Confused about a practice problem on the directional derivatives session.
The function T = x^2 + 2*y^2 + 2*z^2
gives the temperature at each point in space.
1. At the point P = (1,1,1), in which direction should you go to get the most rapid decrease in T? What is the directional derivative in this direction?
So I get ∇T = <2x,4y,4z> and ∇T = <2,4,4> at P=(1,1,1). So the direction opposite ∇T gives the greatest magnitude. Let u be a unit vector in this direction.
dT/ds|u = |∇T|*|u|*cosθ = 6*1*(-1) = -6
But the solution says that -∇T=-<1,1,2> at P=(1,1,1) and that dT/ds|u = -3.
They also compute u=-<1/3,2/3,2/3>
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Confused about a practice problem on the directional derivatives session.
The function T = x^2 + 2*y^2 + 2*z^2
gives the temperature at each point in space.
1. At the point P = (1,1,1), in which direction should you go to get the most rapid decrease in T? What is the directional derivative in this direction?
So I get ∇T = <2x,4y,4z> and ∇T = <2,4,4> at P=(1,1,1). So the direction opposite ∇T gives the greatest magnitude. Let u be a unit vector in this direction.
dT/ds|u = |∇T|*|u|*cosθ = 6*1*(-1) = -6
But the solution says that -∇T=-<1,1,2> at P=(1,1,1) and that dT/ds|u = -3.
They also compute u=-<1/3,2/3,2/3>
At vero eos et accusamus et iusto odio dignissimos ducimus qui blanditiis praesentium voluptatum deleniti atque corrupti quos dolores et quas molestias excepturi sint occaecati cupiditate non provident, similique sunt in culpa qui officia deserunt mollitia animi, id est laborum et dolorum fuga.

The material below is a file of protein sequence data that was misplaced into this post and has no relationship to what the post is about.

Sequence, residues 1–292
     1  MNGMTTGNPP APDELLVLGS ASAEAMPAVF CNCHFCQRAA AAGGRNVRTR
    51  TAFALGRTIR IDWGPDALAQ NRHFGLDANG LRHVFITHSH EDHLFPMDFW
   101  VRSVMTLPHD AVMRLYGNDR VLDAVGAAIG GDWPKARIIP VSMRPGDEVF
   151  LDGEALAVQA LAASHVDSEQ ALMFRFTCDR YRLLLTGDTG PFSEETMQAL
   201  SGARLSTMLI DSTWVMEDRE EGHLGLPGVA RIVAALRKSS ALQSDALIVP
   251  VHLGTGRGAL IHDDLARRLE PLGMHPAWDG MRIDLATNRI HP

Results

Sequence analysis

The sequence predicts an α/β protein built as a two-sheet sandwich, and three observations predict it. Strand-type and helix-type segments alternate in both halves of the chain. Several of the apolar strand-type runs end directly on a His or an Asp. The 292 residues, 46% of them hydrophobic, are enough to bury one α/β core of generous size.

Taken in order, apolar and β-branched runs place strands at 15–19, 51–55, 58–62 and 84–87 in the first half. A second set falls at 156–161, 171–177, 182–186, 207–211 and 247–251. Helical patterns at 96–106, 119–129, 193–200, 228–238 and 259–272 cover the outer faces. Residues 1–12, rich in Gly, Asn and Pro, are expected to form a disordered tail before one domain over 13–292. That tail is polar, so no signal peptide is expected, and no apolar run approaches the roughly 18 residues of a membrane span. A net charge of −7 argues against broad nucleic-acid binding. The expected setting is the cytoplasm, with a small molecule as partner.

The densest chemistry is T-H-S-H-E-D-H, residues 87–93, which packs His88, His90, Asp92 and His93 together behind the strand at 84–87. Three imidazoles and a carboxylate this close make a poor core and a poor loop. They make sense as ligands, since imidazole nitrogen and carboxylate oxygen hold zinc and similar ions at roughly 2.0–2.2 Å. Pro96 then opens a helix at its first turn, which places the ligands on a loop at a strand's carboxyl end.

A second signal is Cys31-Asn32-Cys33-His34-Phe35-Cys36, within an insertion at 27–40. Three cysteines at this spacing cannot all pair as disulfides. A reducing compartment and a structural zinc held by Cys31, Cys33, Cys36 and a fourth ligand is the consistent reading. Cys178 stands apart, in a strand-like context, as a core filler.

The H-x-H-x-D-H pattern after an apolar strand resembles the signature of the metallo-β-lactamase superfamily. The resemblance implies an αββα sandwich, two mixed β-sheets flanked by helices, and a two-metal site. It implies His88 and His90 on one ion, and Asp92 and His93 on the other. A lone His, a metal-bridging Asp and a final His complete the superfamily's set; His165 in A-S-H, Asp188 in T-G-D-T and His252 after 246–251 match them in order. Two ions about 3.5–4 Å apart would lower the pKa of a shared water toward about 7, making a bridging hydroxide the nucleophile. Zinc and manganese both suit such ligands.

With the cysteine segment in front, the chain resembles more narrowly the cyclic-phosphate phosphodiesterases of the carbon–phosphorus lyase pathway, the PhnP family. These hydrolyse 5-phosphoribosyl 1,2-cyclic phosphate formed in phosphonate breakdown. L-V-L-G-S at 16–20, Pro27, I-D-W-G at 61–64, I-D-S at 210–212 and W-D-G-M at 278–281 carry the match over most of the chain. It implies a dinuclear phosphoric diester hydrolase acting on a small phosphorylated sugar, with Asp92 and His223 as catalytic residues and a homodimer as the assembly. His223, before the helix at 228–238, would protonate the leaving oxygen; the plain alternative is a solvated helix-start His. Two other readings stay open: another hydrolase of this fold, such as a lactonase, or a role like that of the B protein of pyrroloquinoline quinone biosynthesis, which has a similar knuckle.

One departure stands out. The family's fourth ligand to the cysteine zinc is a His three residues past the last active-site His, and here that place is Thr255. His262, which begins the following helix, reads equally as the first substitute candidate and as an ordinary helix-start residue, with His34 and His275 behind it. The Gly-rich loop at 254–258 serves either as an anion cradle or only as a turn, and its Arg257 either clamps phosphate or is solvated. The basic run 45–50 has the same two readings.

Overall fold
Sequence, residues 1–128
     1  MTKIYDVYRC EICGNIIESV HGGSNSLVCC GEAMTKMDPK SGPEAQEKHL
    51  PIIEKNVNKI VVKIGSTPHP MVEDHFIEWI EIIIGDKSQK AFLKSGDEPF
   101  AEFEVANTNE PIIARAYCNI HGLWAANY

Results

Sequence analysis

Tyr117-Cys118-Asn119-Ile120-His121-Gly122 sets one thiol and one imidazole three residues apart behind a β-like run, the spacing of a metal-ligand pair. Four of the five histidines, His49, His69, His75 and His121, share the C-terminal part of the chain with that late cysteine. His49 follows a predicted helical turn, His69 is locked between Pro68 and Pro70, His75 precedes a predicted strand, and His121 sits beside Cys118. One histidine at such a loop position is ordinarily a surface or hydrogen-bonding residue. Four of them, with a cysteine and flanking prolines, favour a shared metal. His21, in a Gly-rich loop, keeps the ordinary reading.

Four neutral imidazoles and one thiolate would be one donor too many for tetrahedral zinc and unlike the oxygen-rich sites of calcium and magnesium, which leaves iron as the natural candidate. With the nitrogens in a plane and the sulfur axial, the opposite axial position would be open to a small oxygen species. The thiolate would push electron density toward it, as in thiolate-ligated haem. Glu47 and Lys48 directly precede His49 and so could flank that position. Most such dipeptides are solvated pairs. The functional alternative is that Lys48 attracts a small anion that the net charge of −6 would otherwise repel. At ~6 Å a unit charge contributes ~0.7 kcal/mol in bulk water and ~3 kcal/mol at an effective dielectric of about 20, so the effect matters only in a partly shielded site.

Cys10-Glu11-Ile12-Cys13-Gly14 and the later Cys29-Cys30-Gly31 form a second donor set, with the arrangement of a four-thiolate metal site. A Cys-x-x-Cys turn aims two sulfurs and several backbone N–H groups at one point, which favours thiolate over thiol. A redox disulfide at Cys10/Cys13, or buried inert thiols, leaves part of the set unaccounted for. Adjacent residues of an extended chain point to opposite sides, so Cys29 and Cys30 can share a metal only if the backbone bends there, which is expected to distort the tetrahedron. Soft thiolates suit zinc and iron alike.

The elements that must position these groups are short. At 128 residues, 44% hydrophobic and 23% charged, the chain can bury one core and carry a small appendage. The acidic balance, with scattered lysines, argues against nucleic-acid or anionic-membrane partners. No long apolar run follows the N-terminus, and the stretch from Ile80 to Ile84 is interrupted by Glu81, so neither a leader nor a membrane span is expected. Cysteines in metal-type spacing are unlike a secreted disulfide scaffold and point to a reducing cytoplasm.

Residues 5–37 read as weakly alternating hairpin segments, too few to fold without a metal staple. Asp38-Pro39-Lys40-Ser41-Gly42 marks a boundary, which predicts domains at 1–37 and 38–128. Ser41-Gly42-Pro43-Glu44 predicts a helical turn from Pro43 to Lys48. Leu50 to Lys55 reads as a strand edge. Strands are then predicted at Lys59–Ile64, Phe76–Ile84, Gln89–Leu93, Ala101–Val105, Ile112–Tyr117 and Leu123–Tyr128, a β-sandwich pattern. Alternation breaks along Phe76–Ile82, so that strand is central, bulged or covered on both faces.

Et harum quidem rerum facilis est et expedita distinctio. Nam libero tempore, cum soluta nobis est eligendi optio cumque nihil impedit quo minus id quod maxime placeat facere possimus, omnis voluptas assumenda est, omnis dolor repellendus.
Itaque earum rerum hic tenetur a sapiente delectus, ut aut reiciendis voluptatibus maiores alias consequatur aut perferendis doloribus asperiores repellat.
Yes, it's actually from the problems and solutions in the directional derivatives session:
http://ocw.mit.edu/courses/mathematics/18-02sc-multivariable-calculus-fall-2010/2.-partial-derivatives/part-b-chain-rule-gradient-and-directional-derivatives/session-38-directional-derivatives/
Direct link to solutions PDF:
http://ocw.mit.edu/courses/mathematics/18-02sc-multivariable-calculus-fall-2010/2.-partial-derivatives/part-b-chain-rule-gradient-and-directional-derivatives/session-38-directional-derivatives/MIT18_02SC_pb_45_comb.pdf
I think it may actually be an error. I just tried Wolfram Alpha and, assuming I phrased my query correctly, got my answer.
http://www.wolframalpha.com/input/?i=derivative+of+x%5E2+%2B+2+y%5E2+%2B+2+z%5E2+in+the+direction+%28-1%2C-2%2C-2%29+evaluated+at+%281%2C1%2C1%29
I agree with you retrace. Your gradient at (1,1,1) is certainly correct, therefore, MIT should have a scalar multiplier in front of their answer, as such:\[2<1,2,2>\]
The unit vector in the direction of the most rapid decrease is correct though.\[u=-<\frac{ 1 }{ 3 },\frac{ 2 }{ 3 },\frac{ 2 }{ 3 }>\]